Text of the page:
3. Slowly return to the standing upright position by pressing your feet into the floor and pushing your body back to upright.
  • Note: If you just beginning a workout routine, In step 2, lower yourself as far as you are comfortable until your range of motion has increased enough to lower your body until your thighs are parallel to the floor.
  • Note: Keep your head up and your eyes facing forward though out the entire movement.
  • Advanced Tip: For an added challenge, you can hold dumbbells in each hand. Using extra weight will help you build muscle and burn fat faster during this stability ball exercise.
  • Advanced Tip: The narrower your stance, the more you involve your quads, while the wider your stance, the more your glutes are used to lift the weight. For balanced muscle development and toning, use the neutral stance described in step 1 above.

 


Push Up with Hands on the Floor

Stability Ball Exercises: Push Up with Hands on the Floor
Push Up with Hands on the Floor
Figure 5
  1. Start by positioning yourself in the standard push-up position, with your hands slightly wider than shoulder width. Place your feet on top of your exercise ball.
  2. Slowly lower yourself to the ground until your chest nearly contacts the floor.
  3. Perform a push-up by pressing yourself from the floor back to the position number 1 (the starting position).

Note: If you are a beginner , place the ball under your thighs in step 1. The closer the ball is placed to your feet, the harder it is to complete the exercise.


Incline Dumbbell Press

Stability Ball Exercises: Incline Dumbbell Press
Incline Dumbbell Press
Figure 6
  1. Begin by squatting down and lying back so that your upper back is in contact with the exercise ball (see figure 6). Hold the dumbbells at the top your chest.
  2. Press the dumbbells toward the ceiling, finishing with your arms extended. At the top of the move, the dumbbells should come together over your chest.
  3. Return to the starting in a controlled movement and repeat for the prescribed number of repetitions.
  • Note: During the press, be sure to concentrate on keeping your wrists and your elbows aligned to avoid losing control of the weight. You should use the assistance of a spotter for this and other stability ball exercises that use weights.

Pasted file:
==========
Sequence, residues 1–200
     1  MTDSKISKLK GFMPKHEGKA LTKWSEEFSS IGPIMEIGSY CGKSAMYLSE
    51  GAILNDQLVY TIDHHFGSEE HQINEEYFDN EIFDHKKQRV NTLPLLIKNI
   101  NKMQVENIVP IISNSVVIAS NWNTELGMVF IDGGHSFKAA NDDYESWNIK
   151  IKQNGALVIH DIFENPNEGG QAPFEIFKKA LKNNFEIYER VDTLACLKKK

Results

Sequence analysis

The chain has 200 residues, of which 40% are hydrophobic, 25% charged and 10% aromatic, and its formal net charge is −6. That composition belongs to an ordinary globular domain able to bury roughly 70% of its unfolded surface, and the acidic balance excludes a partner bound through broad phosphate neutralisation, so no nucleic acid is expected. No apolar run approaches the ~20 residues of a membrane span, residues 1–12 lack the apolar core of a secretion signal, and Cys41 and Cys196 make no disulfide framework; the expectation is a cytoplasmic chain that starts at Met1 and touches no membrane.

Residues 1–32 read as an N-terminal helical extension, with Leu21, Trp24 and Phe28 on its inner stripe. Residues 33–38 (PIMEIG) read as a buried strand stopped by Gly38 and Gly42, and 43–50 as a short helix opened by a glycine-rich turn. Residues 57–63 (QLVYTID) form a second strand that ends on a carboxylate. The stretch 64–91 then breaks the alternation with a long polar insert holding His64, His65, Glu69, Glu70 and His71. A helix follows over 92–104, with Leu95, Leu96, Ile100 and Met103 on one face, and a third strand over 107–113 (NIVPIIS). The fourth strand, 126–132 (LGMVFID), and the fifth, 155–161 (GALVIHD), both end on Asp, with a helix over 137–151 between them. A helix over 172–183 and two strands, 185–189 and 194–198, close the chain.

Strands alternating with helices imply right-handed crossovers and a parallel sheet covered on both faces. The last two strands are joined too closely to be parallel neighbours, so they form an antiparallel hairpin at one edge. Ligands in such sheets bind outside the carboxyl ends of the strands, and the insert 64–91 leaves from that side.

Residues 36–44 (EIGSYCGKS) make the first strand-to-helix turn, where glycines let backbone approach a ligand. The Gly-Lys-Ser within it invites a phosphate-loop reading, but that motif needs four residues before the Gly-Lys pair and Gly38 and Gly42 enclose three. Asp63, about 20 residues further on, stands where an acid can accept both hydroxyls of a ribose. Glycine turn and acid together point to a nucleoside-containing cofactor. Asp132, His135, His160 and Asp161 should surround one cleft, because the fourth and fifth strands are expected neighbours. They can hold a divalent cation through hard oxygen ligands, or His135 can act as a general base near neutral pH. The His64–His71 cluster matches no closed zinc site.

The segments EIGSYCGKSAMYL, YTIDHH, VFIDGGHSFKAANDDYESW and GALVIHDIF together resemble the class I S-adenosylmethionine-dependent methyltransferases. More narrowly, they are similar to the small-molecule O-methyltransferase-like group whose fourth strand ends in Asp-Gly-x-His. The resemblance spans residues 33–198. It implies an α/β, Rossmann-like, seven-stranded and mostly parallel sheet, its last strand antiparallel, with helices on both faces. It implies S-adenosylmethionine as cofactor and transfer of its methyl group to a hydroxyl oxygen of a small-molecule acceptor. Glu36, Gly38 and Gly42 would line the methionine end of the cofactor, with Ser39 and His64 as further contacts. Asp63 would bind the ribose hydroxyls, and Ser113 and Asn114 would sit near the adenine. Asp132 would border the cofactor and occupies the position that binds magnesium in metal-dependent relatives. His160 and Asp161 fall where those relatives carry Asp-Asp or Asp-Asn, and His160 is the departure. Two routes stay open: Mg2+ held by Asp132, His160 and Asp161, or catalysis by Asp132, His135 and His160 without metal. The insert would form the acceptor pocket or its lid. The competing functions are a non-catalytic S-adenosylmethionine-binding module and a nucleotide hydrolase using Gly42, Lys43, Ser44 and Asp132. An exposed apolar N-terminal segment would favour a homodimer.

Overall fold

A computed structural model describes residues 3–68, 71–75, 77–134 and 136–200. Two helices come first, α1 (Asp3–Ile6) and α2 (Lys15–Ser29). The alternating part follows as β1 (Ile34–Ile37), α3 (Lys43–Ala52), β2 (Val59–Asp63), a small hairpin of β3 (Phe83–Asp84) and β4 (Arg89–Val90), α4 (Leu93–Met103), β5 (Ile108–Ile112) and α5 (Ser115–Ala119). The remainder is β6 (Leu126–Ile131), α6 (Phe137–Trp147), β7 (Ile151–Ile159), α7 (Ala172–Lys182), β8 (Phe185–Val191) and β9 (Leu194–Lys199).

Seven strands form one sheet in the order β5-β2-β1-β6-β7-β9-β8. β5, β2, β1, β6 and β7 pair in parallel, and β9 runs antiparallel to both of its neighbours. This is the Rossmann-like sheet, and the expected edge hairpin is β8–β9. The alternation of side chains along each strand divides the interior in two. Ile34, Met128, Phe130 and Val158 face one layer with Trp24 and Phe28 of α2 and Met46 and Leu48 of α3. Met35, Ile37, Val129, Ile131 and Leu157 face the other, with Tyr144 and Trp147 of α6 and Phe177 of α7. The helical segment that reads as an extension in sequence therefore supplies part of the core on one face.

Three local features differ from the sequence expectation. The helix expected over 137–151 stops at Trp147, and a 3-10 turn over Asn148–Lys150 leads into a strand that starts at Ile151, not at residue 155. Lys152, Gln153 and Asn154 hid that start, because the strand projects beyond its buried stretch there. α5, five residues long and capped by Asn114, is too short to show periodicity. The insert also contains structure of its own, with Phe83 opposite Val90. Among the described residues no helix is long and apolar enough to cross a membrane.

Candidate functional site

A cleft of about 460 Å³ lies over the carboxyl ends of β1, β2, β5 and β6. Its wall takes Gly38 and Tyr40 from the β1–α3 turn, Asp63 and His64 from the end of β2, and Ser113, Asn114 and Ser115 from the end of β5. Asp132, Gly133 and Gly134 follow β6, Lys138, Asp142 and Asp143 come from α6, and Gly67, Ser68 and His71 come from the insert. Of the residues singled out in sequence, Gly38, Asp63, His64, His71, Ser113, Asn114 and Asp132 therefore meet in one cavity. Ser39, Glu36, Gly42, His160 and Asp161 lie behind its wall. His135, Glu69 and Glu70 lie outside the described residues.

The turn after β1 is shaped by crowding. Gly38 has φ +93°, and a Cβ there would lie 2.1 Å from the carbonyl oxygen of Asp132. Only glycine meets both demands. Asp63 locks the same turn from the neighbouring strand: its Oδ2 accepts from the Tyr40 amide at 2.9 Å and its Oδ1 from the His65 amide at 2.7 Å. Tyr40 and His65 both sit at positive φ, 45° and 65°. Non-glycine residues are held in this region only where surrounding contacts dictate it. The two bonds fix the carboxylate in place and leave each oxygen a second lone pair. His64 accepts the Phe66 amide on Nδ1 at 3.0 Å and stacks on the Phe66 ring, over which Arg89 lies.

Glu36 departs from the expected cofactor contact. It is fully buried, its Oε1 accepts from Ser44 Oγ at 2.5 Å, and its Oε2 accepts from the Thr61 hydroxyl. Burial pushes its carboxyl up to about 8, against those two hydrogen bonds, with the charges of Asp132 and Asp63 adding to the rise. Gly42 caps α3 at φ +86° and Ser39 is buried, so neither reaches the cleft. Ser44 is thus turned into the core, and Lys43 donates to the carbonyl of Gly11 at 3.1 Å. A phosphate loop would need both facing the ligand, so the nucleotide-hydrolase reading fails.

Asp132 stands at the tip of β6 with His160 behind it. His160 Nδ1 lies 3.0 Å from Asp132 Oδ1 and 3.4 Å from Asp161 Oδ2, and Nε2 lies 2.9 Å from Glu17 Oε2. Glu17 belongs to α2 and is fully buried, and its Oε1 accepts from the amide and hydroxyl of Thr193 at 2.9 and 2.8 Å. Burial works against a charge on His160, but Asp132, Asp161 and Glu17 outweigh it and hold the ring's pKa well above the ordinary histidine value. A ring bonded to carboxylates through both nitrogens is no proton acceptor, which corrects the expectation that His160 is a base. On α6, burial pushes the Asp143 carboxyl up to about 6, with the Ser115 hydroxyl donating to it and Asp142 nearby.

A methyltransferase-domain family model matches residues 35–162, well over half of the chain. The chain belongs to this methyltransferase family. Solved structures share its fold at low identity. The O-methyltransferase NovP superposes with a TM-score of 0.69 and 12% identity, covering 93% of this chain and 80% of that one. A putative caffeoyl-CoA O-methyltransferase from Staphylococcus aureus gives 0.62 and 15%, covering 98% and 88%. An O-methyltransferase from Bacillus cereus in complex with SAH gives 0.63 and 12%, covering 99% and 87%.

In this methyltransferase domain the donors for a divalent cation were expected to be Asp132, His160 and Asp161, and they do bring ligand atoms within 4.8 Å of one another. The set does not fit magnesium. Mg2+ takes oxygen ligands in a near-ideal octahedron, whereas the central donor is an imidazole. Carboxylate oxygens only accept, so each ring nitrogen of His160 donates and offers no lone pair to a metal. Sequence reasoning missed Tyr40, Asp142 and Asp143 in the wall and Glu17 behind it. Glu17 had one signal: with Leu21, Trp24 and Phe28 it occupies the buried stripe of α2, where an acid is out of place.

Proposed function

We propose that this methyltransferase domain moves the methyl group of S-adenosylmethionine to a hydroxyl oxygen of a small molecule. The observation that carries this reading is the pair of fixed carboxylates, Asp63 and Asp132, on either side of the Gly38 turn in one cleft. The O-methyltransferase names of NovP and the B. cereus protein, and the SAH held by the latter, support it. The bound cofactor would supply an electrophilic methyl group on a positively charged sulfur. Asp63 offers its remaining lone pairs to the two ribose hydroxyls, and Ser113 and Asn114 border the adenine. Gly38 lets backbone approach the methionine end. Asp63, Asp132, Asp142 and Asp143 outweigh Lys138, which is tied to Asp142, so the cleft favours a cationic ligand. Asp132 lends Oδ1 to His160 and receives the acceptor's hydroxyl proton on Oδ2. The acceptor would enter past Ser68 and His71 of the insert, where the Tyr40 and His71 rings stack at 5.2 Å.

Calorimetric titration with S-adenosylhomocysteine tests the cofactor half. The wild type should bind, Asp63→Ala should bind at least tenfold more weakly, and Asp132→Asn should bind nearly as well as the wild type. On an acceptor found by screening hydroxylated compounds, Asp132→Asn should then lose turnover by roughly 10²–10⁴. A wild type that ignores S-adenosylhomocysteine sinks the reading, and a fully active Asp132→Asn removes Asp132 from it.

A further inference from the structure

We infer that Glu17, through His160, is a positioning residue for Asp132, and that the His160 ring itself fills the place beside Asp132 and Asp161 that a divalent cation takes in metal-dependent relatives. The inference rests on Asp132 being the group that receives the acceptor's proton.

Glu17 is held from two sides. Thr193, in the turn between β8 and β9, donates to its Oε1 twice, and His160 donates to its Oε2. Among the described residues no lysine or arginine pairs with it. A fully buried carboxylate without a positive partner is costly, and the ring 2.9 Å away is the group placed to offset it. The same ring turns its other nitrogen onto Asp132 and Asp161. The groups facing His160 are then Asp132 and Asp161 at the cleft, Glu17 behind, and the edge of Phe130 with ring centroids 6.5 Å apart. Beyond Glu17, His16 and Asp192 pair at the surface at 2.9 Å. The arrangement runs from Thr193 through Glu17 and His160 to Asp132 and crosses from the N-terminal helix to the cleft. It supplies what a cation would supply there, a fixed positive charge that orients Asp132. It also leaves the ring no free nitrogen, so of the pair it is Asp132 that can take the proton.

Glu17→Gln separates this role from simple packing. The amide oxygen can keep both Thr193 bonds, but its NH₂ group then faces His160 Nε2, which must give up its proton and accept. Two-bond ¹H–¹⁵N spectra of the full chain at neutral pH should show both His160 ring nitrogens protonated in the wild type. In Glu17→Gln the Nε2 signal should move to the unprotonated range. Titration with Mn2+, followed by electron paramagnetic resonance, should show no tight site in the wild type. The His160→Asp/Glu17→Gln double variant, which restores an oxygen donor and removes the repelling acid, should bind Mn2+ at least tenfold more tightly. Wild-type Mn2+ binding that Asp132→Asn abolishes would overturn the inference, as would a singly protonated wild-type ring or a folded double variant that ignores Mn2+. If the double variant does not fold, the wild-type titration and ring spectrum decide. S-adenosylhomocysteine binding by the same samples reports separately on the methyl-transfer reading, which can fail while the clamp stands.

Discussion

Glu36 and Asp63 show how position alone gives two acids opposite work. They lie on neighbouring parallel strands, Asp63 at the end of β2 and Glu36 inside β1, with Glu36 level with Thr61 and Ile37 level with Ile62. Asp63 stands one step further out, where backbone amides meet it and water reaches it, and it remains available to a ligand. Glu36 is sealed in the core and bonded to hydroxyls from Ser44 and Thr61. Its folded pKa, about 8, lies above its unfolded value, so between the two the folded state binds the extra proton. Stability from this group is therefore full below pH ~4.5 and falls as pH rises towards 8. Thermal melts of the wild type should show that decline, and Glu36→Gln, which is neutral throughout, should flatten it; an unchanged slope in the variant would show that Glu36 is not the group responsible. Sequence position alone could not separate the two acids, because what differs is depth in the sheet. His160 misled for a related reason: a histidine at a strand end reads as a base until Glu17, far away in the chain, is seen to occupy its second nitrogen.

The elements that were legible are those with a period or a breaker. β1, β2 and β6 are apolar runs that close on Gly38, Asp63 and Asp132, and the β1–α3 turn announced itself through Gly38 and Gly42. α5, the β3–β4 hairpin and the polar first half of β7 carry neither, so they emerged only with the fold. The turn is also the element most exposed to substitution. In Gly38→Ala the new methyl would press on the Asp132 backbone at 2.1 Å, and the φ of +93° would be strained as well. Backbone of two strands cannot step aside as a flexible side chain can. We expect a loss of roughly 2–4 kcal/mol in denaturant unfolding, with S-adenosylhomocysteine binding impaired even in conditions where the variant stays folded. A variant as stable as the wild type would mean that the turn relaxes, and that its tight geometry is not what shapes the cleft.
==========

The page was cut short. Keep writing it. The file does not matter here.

• Tip: At the top of the movement, squeeze your pectoral muscles hard for a count for extra muscle stimulation.

 


Stability Ball Crunch

Stability Ball Exercises: Stability Ball Crunch
Stability Ball Crunch
Figure 7
  1. Start by sitting on the exercise ball as if you were sitting on a chair. Slowly lean back and walk your feet forward until the ball is positioned on your lower back region and you are looking toward the ceiling. The top your legs should be parallel to the floor (see figure 7).
  2. Cross your hands on your chest and keep your head in a neutral position looking forward (toward the ceiling). Your chin should not touch your chest at any point during this exercise.
  3. Raise your torso by contracting your abdominals to perform the crunch.
  4. Hold for a count, squeeze your abdominals, and return to starting position.
  • Note: You can add further resistance by holding weights in your arms as you perform this exercise.

 


Back Extension

Stability Ball Exercises: Back Extension
Back Extension
Figure 8
  1. Begin by kneeling on the floor in front of stability ball and lie face down so that the ball is at your upper abdominal region. Your head should be facing the floor.
  2. Cross your hands over your chest, and raise your torso approximately six inches.
  3. Hold for a count, then slowly and under control, lower your torso to the starting position.

 

  • Note: The further the ball is placed toward your hips, the harder the exercise is to perform.
  • Note: You can add further resistance by holding weights in your arms as you perform this exercise.

Shoulder Press

Stability Ball Exercises: Shoulder Press
Shoulder Press
Figure 9
  1. To start this stability ball exercise, sit on the ball in an upright position as if you were sitting on a chair. Hold two dumbbells next to your ears with your palms facing forward (away from you)